A common mistake made about the CW9 is that the frame rails on this pistol are entirely made from polymer.  At first glance this appears to be true, but it is not.  The rails are metal, but there is a plastic component that could be considered part of the rail system.
    The rear metal rails are immediately observable.  The front metal rails may escape notice on the first glance, as they are somewhat concealed in the dust cover portion of the frame.  Plastic “rails” align with the rear metal rails, but are not said to be integral to the reliable functioning of the pistol.

    On my gun, I put more than 700 rounds through it and then checked for wear on the rails.  Not surpassingly, there was visible wear on the plastic portion of the rails.  The tops of the plastic felt as if they had been rough sanded and the edges of the plastic had small bits of shavings.

    While this may be concerning, the gun did not have any malfunctions.  Additionally, this portion of the plastic frame is not visible from the exterior of the pistol.  So, while the initial look of the worn areas may be generally concerning, I can find no reason to believe the pistol will not function reliably, and still maintain its good looks.

    MSRP is $549.

    Shooting the Kahr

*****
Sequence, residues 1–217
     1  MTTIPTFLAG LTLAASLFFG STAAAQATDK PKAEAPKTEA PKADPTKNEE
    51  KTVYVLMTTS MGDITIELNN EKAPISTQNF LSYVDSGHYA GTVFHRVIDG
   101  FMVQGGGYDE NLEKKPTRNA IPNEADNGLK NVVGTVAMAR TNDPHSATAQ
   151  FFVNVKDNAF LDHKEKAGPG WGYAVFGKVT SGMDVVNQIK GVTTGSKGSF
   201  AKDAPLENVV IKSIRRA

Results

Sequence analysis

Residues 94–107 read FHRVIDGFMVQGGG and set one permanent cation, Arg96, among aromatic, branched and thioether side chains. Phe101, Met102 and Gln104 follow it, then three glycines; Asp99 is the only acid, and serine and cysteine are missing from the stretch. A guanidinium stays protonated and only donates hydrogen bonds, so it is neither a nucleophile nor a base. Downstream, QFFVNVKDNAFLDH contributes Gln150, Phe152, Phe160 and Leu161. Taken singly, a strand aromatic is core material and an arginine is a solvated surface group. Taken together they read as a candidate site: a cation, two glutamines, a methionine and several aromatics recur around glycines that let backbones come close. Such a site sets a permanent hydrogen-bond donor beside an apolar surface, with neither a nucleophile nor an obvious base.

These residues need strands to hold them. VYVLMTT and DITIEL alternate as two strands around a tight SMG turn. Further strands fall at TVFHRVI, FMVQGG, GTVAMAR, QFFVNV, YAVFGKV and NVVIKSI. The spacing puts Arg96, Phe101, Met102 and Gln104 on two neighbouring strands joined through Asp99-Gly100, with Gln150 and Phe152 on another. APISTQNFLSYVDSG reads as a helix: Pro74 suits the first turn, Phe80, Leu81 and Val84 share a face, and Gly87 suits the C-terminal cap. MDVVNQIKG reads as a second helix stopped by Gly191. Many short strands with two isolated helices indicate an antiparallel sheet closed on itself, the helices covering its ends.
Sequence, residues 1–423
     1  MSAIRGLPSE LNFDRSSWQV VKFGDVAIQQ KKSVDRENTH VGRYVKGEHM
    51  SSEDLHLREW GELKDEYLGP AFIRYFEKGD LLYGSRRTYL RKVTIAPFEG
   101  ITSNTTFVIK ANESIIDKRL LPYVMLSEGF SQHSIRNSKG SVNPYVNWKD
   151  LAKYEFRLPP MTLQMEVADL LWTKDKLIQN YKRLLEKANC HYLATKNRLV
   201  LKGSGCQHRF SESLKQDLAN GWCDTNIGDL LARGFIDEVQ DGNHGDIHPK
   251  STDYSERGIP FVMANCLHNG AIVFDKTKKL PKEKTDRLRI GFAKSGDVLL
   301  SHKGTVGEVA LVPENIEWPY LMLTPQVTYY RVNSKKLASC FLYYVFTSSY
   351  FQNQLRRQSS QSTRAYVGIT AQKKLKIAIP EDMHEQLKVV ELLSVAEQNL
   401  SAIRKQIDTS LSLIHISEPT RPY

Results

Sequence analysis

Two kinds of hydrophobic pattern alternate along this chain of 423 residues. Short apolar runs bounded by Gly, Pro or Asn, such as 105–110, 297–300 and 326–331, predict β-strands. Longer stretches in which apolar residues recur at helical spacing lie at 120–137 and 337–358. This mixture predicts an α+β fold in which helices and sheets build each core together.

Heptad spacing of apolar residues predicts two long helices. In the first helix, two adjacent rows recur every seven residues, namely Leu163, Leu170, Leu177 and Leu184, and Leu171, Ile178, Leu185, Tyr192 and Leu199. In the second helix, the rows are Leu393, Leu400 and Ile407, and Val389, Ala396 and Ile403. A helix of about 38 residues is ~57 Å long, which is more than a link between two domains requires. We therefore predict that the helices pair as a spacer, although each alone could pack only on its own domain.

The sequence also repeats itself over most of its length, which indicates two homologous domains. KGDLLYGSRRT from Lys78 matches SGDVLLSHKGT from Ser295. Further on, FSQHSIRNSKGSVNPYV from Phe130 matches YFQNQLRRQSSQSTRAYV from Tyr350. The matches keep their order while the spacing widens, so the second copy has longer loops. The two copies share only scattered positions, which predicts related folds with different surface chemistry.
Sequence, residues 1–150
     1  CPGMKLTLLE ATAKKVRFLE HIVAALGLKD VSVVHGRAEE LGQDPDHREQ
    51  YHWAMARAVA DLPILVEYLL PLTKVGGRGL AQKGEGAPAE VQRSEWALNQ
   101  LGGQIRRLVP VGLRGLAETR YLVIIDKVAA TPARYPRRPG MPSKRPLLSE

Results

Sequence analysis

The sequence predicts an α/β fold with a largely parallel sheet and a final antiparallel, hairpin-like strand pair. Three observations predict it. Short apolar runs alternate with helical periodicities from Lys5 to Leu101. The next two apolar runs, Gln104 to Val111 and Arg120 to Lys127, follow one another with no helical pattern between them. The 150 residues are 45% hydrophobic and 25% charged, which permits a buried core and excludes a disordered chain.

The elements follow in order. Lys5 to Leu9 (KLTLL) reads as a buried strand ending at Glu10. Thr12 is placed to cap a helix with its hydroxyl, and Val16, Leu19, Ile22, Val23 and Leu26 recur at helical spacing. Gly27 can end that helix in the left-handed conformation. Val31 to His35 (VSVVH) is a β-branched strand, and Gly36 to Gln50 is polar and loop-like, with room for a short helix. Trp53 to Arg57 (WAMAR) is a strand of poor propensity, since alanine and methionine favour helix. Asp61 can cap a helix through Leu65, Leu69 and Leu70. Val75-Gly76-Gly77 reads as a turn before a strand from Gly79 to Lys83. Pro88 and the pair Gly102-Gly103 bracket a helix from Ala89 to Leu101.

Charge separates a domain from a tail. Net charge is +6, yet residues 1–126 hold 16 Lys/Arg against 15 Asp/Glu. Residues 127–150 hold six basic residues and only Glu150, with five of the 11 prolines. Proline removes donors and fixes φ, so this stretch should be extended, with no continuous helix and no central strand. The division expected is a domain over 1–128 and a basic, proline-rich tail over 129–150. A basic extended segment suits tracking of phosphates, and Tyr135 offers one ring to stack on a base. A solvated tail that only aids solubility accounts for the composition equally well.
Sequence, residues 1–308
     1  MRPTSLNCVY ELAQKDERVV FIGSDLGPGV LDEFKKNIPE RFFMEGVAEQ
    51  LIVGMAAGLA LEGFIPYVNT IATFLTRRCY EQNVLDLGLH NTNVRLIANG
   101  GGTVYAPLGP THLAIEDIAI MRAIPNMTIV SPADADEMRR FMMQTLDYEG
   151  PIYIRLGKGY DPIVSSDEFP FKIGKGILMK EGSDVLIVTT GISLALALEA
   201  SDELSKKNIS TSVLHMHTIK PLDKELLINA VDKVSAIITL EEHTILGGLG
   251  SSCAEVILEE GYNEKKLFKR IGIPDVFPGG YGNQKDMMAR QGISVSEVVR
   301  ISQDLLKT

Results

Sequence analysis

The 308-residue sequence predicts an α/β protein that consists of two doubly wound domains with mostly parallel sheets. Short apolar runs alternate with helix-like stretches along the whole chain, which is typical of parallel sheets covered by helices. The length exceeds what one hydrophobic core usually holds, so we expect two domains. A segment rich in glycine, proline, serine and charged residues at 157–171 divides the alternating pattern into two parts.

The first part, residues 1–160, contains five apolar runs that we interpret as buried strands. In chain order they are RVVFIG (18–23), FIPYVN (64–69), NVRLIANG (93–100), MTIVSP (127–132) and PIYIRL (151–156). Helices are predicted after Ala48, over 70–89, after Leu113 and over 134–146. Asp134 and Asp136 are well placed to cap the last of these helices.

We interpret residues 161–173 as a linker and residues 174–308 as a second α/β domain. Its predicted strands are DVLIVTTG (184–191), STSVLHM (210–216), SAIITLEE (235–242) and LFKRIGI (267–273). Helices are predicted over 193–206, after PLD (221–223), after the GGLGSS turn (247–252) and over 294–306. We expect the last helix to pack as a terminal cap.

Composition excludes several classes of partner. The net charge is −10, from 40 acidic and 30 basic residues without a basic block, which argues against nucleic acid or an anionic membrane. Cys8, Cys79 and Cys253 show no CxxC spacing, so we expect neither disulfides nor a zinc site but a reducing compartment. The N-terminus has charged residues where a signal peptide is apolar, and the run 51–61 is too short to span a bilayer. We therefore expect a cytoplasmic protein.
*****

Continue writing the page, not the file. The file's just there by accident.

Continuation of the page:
I spent a lot of time on the range with the CW9.  This was the first Kahr I’ve had the chance to test and I really wanted to give it a good workout.

    I put somewhere close to 750 rounds through the CW9 including eight different defensive loads.  Throughout the shooting, I experienced no malfunctions of any kind.

    The CW9 has a typical Kahr trigger that is more like a double action revolver than the typical modern striker fired pistols.  This may, or may not, appeal to different people.  My bias: I love my Smith & Wesson revolvers, but most frequently carry a Glock.  I guess I just like both.

    The trigger pull is smooth, but somewhat long.  Since the CW9 is thin, I found that far too much of my finger wanted to address the trigger.  This meant that initially my accuracy suffered as my finger tip was hanging out of the left side of the trigger guard, touching my support hand.  Consciously shifting my finger position fixed the problem, but it never felt as natural for me as with other pistols.

    The DAO trigger pull measured an average of 7 lbs, 1 oz on my Lyman trigger pull gauge.

    One additional thing about the CW9’s trigger pull is there is not a reset point halfway along the path of the trigger when letting off pressure.  To shoot a follow-up shot, you have to let the trigger all the way out (absolutely all the way out) before pressing again.
    The return pressure on the trigger is not strong enough to really “snap” the trigger back out, so you have to be careful to avoid short stroking the trigger.